When the next session of Congress convened in November, Secretary McHenry again requested funds to complete the three frigates. Though upset over the escalating costs, Congress approved an additional $115,833, but simultaneously launched an investigation into possible waste or fraud in the frigate program. On March 22, 1798, McHenry turned over a report outlining several main reasons for cost escalations: problems procuring the live oak; the logistics of supplying six separate shipyards; and fires, yellow fever, and bad weather.[56] Additional inquiries prior to McHenry's report revealed that the War Department used substandard bookkeeping practices, and that the authorized funds had to be released by the Treasury Department, resulting in delays, causing waste. These problems led to the formation of the Department of the Navy on April 30.[57]

Simultaneously, relations with France soured even further when President John Adams informed Congress of the XYZ Affair. In response, on May 28, Congress authorized vessels of the United States to capture any armed French vessels lying off the coast of the United States. As Constellation, Constitution and United States were still fitting out, the first U.S. Navy vessel to put to sea for this undeclared Quasi-War was the sloop Ganges with Richard Dale in command.[58][59] Finally, on July 16, Congress appropriated $600,000 for completion of the remaining three frigates; Congress launched on August 15, 1799,[60] Chesapeake on December 2,[5] and President on April 10, 1800.[61][62][63]


The 44-gun ships usually carried over 50 guns, and Constitution was known[1] to carry 24-pounder guns in her main battery instead of the normal 18-pounders most frigates carried.

The Naval Act of 1794 had specified 36-gun frigates in addition to the 44s, but at some point the 36s were re-rated as 38s.[64] Their "ratings" by number of guns was meant only as an approximation.[65]

Ships of this era usually had no permanent battery of guns, such as modern navy ships carry. The guns and cannons were designed to be completely portable, and often were exchanged between ships or shore as situations warranted. Each commanding officer generally outfitted armaments to his liking, taking into consideration factors such as the overall tonnage of cargo, complement of personnel on board, and planned routes to be sailed. Consequently, the armaments on ships would change many times during their careers, and records of the changes were not generally kept.[66]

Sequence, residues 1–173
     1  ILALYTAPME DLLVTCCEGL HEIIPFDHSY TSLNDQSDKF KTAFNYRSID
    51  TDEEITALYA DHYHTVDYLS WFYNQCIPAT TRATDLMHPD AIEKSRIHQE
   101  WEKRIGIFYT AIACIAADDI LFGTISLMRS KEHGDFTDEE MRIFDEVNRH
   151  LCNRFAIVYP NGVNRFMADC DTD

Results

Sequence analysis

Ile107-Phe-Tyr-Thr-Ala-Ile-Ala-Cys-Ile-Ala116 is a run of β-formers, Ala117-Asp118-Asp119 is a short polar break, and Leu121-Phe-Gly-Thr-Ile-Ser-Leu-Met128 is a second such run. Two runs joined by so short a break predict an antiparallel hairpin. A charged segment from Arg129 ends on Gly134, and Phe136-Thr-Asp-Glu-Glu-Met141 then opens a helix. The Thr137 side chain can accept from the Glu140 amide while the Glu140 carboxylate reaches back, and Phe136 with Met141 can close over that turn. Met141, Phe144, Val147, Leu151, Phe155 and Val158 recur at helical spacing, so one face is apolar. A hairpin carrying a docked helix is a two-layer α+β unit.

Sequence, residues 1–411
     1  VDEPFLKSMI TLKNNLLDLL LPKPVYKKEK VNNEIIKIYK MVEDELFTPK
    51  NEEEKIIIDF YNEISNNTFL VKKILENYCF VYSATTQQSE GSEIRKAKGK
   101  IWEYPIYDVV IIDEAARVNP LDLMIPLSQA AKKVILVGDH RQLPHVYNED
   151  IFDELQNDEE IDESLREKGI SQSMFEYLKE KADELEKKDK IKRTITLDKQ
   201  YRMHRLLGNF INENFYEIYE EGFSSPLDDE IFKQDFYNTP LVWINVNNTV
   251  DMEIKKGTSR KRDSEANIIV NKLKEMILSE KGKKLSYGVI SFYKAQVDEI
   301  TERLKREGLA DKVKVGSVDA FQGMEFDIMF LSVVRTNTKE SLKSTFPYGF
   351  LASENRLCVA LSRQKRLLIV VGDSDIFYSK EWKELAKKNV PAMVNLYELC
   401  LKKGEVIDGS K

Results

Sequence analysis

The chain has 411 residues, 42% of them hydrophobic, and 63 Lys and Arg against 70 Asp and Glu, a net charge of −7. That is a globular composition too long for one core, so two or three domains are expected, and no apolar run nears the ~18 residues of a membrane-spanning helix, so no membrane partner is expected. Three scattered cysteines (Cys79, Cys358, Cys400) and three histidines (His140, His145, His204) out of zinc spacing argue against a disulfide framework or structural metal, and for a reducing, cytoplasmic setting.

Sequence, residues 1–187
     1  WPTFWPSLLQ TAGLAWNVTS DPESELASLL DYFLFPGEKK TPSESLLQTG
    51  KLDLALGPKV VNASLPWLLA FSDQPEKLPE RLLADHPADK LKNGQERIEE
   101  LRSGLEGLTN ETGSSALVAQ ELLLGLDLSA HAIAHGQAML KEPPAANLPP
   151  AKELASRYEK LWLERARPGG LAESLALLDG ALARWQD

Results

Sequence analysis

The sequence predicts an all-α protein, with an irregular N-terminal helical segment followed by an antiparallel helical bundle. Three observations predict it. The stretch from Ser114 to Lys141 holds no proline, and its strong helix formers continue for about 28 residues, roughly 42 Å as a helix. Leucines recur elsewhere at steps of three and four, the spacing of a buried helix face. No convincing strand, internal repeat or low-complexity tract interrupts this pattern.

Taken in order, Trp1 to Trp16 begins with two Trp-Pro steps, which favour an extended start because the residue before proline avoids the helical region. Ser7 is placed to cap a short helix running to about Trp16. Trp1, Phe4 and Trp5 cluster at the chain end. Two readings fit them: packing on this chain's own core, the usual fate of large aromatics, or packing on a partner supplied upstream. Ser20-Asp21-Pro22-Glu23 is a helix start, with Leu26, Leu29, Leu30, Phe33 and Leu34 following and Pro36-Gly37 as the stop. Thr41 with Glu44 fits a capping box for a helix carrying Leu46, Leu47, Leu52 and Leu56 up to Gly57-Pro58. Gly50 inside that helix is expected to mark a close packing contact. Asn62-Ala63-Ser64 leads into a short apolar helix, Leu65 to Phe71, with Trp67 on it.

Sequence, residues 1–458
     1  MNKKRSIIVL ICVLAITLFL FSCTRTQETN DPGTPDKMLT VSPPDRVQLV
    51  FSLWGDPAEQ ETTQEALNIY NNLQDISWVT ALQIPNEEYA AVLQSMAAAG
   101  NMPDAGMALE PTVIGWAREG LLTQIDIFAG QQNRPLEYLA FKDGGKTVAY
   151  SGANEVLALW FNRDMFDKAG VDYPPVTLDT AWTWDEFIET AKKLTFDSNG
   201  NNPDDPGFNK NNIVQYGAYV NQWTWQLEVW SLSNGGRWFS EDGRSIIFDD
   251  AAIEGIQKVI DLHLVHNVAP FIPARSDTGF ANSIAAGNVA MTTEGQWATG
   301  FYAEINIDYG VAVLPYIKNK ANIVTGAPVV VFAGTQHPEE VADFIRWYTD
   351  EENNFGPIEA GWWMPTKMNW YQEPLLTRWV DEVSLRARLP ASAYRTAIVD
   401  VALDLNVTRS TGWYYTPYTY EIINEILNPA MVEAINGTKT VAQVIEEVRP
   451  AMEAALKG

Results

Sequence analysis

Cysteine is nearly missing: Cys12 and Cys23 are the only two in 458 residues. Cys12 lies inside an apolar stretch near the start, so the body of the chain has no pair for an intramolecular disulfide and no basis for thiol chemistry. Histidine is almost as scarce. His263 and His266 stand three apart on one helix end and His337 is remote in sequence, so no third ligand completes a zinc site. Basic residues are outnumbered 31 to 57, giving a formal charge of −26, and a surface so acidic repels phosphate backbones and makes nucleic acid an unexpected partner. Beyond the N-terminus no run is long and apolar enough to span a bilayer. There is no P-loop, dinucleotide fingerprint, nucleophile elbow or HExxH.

Commonly, twelve men and a powder-boy were required to operate each gun.[67] If needed, some men were designated to take stations as boarders, to man the bilge pumps, or to fight fires. Guns were normally manned on the engaged side only; if a ship engaged two opponents, gun crews had to be divided. All of the guns were capable of using several different kinds of projectiles: round shot, chain or bar shot, grape shot, and heated shot.[68] Each gun was mounted on a wooden gun carriage controlled by an arrangement of rope and tackle. The Captain ordered the gun crews to either open fire together in a single broadside, or allowed each crew to fire at will as the target came close alongside. The gun captain pulled the lanyard to trip the flintlock which sent a spark into the pan. The ignited powder in the pan sent a flame through the priming tube to set off the powder charge in the gun and hurl its projectile at the enemy.

The marine detachment on board provided the naval infantry that manned the fighting tops, armed with muskets to fire down onto the decks of the enemy ship.[67]


The frigates were originally designated by the letters A through F until March 1795, when Secretary of War, Timothy Pickering, prepared a list of ten suggested names for the ships. President Washington was responsible for selecting five of the names: Constitution, United States, President, and Congress, each of which represented a principle of the United States Constitution, together with Constellation which derived from the blazon of the Arms of the United States, "13 stars, forming a constellation." The sixth frigate, Chesapeake, remained nameless until 1799, when Secretary of the Navy, Benjamin Stoddert, designated her a namesake of the Chesapeake Bay, ignoring the previous Constitutional naming protocol.[5][69][70]

United States

United States was built in Philadelphia, launched on May 10, 1797, and commissioned on February 22, 1797. On October 25, 1812, United States fought and captured the frigate HMS Macedonian. United States was decommissioned on February 24, 1849, and put in reserve at Norfolk, Virginia. In 1861, while still in reserve at Norfolk, the ship was seized and commissioned into the Confederate States Navy, which later scuttled the ship. In 1862, Union forces raised the scuttled ship and retained control until she was broken up in 1865.


Constellation was built in Baltimore and launched on September 7, 1797. On February 9, 1799, she fought and captured the French frigate Insurgente. This was the first major victory by an American-designed and -built warship. In February 1800, Constellation fought the French frigate Vengeance. Although Vengeance was not captured or sunk, she was so badly damaged that her captain intentionally grounded the ship to prevent her from sinking. Constellation was struck in 1853 and broken up. Some timbers were re-used in the building of a new Constellation, and it was claimed that it was a "repair" of the original ship (a common dodge of the time for political reasons) leading to uncertainty over which ship was preserved in Baltimore until it was proven in 1999 to be the second Constellation.[71]


Constitution, rated at 44 guns, launched from Edmund Hartt's shipyard in Boston, Massachusetts, on October 21, 1797, by naval constructor George Claghorn and Captain Samuel Nicholson.[43] During the Quasi-War she captured the French merchant ship Niger,[72] and was later involved in battling the Barbary pirates in the First Barbary War.